School of Culture and Communication - Theses

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    Telling tales : Helen Demidenko and the autobiographical pact & "The Pact"
    DENHAM, MELINDA ( 2010)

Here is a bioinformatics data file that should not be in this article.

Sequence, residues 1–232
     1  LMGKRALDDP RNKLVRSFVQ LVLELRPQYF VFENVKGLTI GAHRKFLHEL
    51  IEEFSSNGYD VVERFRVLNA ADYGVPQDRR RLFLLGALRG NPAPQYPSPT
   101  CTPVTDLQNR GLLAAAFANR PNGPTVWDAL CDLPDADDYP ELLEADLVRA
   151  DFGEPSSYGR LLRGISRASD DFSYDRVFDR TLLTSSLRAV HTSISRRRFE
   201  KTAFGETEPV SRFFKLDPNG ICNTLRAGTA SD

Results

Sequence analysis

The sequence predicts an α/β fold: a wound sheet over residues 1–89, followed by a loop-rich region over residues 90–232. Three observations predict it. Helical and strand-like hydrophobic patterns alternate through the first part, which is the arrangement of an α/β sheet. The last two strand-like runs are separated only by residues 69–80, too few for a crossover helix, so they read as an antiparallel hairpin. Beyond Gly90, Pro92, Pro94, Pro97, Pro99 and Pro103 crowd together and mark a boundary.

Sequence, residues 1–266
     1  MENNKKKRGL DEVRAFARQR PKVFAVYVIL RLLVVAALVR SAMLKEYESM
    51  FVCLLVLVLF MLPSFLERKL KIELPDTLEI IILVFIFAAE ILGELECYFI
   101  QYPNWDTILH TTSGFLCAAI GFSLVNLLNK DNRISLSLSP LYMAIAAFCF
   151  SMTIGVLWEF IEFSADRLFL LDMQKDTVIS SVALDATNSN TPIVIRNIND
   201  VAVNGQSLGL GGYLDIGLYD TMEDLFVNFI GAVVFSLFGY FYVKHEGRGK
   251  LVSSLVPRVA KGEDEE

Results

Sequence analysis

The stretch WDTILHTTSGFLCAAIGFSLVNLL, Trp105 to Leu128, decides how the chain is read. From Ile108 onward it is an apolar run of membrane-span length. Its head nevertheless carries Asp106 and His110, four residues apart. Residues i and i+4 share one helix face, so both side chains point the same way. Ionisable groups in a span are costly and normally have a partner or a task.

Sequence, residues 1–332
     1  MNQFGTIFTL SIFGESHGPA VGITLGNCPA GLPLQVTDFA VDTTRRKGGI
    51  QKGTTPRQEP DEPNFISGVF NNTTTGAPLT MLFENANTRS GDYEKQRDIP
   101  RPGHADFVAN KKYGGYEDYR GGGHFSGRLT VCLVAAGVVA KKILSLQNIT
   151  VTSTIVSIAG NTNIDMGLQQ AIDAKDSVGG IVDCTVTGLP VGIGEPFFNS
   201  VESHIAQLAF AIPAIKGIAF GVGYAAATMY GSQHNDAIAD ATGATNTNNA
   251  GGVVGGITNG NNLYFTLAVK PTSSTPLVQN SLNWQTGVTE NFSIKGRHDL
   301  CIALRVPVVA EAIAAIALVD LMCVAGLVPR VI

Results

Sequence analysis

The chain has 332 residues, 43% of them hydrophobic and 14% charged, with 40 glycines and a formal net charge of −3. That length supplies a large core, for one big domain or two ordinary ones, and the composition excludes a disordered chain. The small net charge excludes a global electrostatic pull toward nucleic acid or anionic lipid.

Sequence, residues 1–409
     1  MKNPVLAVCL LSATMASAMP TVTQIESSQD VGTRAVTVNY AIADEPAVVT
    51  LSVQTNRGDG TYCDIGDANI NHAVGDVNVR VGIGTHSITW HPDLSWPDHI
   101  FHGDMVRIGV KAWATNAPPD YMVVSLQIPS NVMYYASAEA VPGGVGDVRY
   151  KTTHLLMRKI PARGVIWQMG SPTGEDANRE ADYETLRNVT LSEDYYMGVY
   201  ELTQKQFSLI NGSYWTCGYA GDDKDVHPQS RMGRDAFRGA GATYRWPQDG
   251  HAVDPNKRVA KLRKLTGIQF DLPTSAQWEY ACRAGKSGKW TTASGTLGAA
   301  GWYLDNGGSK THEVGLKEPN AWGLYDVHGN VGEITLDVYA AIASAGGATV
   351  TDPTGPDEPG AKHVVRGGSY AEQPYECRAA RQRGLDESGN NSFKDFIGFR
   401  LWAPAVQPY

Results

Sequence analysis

As arguably the most notorious liar in contemporary Australian literature, Helen Demidenko has been the subject of hundreds of articles, and at least four books. Her 1995 novel The Hand that Signed the Paper had already won three literary prizes and attracted significant critical attention due to its controversial subject matter, when her fraudulent identity was revealed. The critical section of this thesis draws out the implications of the ‘Demidenko Affair’ by exploring Philippe Lejeune’s theory of the autobiographical pact, genre theory and contemporary book promotion and marketing practices. Using Gerard Génette’s notion of paratexts, and Stanley Fish’s idea of interpretive communities, I argue that many reviewers of The Hand that Signed the Paper read the novel as though it was an autobiography, and that this reading position contributed to the vehemence of the condemnation its author received when her fraudulent identity ‘Helen Demidenko’ was revealed. I use genre theory to analyse the tendency to ‘read autobiographically’, which emerges from a cultural context which includes the growing popularity of non-fiction books and the prevalence of book promotion strategies which draw on the author’s persona to lend credence to their book. The creative section of this thesis has a narrator who shares much of my biography: she is around the same age, grew up in the same area as I did and has a similar name. When she returns to her hometown after a decade-long absence and reunites with old friends, she discovers that the story she has told herself about her past is only one version of events. The exploration of a notionally autobiographical theme is overlaid by a fictional narrative structure which enables an ambiguous rendering of the ‘identity’ of author, narrator and protagonist proposed by Lejeune.